Striking taxi drivers snarled traffic in several European cities yesterday in a show of solidarity against a common threat. Unlike other protests of the past few years which have largely been against austerity measures, this time workers from London, Paris, Berlin and Madrid were unified against Uber.
A smartphone app that connects drivers and passengers in a ridesharing program, Uber has already made strong headway in many other countries. Of course, it has also already met strong resistance from taxi drivers looking to protect themselves from a new competitor.
The public’s reaction has been mostly unified with the view that taxi drivers are just trying to protect their turf, and that this is on balance harmful for consumers.
At the same time, though, one could also sympathize with these poor taxi drivers. Imagine you were in an industry with high barriers to entry imposed by the local city’s government. You needed to go through a licensing program and pay a fee to be able to legally call yourself a taxi driver, and to pick up customers. Then, seemingly out of the blue, something happens which causes your initial “investment” to decline in value.
The arrival of Uber changes the rules of the game for taxi drivers. I would be upset too if this happened in my own line of work.
Still, chagrin over a new competitor that removes the old rationale for why you paid such a high levy to enter an industry is not a reason to not allow the new competitor in. If anything, the ire that taxi drivers have should be directed at the local city governments that imposed strict licensing requirements on them in the past. It was these laws that unnecessarily increased the costs to enter the industry. It is also these old laws that are now making a new low-cost competitor in the taxi world so threatening.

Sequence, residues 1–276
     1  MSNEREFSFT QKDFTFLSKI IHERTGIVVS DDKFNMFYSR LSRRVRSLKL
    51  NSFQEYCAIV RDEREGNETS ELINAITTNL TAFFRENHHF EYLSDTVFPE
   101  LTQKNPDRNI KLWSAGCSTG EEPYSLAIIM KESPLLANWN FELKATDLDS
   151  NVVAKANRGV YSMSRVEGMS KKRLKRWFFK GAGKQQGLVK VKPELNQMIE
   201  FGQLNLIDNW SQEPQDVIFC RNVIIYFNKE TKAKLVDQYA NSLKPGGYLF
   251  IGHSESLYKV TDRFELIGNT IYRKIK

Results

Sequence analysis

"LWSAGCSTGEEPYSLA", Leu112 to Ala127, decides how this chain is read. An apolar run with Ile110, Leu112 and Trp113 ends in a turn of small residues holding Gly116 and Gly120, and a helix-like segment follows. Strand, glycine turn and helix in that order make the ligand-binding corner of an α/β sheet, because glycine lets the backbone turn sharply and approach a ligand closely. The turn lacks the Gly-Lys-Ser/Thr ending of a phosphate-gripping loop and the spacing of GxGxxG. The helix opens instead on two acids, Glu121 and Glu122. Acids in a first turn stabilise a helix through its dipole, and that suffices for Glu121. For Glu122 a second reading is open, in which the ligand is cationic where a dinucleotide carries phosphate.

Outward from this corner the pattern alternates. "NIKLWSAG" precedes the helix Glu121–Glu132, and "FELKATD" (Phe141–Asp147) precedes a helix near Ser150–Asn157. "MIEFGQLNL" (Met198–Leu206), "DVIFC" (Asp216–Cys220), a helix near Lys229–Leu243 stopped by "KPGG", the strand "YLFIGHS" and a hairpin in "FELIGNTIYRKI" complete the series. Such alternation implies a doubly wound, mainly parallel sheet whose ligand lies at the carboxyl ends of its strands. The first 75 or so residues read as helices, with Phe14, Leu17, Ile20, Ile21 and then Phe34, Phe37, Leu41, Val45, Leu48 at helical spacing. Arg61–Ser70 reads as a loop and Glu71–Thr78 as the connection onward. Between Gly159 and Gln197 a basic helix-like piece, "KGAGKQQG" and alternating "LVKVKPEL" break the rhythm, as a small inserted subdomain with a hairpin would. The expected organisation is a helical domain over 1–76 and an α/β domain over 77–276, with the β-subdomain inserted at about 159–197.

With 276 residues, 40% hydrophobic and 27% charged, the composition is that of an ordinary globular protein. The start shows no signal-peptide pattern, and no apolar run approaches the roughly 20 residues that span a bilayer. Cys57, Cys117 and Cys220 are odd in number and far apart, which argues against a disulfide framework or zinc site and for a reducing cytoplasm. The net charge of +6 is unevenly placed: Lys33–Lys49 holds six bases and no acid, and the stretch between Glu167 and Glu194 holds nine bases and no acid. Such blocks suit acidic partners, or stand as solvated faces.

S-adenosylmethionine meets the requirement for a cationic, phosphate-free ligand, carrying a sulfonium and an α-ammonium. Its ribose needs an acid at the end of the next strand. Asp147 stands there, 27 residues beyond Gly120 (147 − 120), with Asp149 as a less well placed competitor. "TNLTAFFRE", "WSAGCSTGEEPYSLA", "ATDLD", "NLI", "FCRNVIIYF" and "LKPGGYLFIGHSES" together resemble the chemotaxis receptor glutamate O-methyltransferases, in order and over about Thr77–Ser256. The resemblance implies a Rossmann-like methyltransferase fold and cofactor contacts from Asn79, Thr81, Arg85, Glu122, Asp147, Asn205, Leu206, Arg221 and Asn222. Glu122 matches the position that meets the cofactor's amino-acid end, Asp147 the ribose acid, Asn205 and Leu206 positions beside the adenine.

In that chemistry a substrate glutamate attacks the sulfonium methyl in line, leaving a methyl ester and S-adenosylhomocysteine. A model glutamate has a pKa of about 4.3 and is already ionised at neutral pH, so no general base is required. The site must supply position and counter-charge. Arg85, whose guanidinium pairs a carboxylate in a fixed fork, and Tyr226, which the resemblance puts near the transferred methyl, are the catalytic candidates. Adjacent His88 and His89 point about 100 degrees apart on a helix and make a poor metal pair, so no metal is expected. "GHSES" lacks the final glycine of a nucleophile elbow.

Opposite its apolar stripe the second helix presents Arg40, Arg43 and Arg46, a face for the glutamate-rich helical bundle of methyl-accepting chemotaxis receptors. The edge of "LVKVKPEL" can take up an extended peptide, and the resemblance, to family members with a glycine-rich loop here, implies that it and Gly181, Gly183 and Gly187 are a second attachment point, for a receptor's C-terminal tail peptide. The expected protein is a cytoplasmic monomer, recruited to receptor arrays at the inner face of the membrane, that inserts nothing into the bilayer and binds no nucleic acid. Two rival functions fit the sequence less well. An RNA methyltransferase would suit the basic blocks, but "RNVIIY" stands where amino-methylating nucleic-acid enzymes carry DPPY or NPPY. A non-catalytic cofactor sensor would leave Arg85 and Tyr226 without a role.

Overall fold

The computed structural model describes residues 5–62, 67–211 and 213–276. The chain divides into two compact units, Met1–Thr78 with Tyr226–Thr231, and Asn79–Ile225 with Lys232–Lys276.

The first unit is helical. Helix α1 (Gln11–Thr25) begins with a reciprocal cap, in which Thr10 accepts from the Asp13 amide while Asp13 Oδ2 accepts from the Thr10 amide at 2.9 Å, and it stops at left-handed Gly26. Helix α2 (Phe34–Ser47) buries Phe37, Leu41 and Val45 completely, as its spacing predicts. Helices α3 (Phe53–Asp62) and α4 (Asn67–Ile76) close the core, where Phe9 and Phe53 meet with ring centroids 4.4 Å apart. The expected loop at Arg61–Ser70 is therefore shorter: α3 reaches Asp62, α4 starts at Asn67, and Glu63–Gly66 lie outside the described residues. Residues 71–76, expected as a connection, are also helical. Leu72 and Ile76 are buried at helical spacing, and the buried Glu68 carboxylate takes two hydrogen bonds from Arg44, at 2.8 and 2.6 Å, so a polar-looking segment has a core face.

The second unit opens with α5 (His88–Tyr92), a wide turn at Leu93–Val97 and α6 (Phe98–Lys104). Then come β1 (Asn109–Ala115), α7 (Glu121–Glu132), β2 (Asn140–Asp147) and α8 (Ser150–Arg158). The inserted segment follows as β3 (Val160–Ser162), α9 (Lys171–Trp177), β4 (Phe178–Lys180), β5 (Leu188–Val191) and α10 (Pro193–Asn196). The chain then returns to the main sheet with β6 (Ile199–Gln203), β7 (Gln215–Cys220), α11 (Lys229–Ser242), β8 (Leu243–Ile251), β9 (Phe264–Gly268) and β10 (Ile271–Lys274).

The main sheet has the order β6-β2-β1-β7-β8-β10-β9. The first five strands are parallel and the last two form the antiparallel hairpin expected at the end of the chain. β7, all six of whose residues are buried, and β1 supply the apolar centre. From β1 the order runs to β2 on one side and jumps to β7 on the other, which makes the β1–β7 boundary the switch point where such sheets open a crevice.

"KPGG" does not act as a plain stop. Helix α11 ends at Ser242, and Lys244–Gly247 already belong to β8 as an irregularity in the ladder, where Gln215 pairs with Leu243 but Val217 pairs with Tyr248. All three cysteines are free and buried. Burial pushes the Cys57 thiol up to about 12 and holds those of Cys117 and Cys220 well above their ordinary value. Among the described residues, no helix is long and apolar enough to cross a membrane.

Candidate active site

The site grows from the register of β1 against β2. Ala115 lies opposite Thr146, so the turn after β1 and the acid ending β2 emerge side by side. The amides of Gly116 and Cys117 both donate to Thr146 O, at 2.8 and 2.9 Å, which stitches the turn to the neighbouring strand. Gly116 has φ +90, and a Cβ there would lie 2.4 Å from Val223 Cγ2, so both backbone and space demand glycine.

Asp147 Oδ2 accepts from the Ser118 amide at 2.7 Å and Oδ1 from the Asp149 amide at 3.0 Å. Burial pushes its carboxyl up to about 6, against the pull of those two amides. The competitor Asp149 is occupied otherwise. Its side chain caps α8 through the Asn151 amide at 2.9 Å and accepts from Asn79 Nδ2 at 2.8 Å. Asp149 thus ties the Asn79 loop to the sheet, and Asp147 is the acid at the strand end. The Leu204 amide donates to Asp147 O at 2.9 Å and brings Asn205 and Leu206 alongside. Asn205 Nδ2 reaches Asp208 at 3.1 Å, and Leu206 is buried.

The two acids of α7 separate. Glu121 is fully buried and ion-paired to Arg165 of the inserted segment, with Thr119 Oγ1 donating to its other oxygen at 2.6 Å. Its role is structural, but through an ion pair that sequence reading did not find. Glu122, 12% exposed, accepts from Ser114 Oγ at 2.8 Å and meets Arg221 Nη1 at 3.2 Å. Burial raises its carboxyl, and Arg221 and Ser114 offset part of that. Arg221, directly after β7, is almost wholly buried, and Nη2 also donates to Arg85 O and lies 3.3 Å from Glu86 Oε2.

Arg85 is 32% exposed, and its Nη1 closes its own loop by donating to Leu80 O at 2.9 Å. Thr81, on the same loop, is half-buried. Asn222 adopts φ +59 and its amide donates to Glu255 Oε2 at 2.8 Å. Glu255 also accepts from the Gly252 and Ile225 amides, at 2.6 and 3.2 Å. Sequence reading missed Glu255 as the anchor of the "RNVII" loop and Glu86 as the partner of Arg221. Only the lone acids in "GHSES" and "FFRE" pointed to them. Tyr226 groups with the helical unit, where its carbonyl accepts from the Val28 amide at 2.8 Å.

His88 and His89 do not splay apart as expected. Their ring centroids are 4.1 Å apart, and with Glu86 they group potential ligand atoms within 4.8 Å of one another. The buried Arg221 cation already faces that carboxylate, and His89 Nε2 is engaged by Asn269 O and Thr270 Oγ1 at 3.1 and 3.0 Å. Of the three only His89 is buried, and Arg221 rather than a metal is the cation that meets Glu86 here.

We can’t change the past. The costs that taxi drivers have already incurred to enter their industry cannot be reversed. But we can at least take this as a lesson for the future. Licensing requirements raise the cost of entry to a given industry, and protect the profits earned by the people already a part of it. These requirements also make it unusually painful for those that completed them when a new competitor shows up.
If you want to remove the pain these types of regulations cause, don’t stop new competitors from competing – remove the regulations!
(Originally posted at Mises Canada.)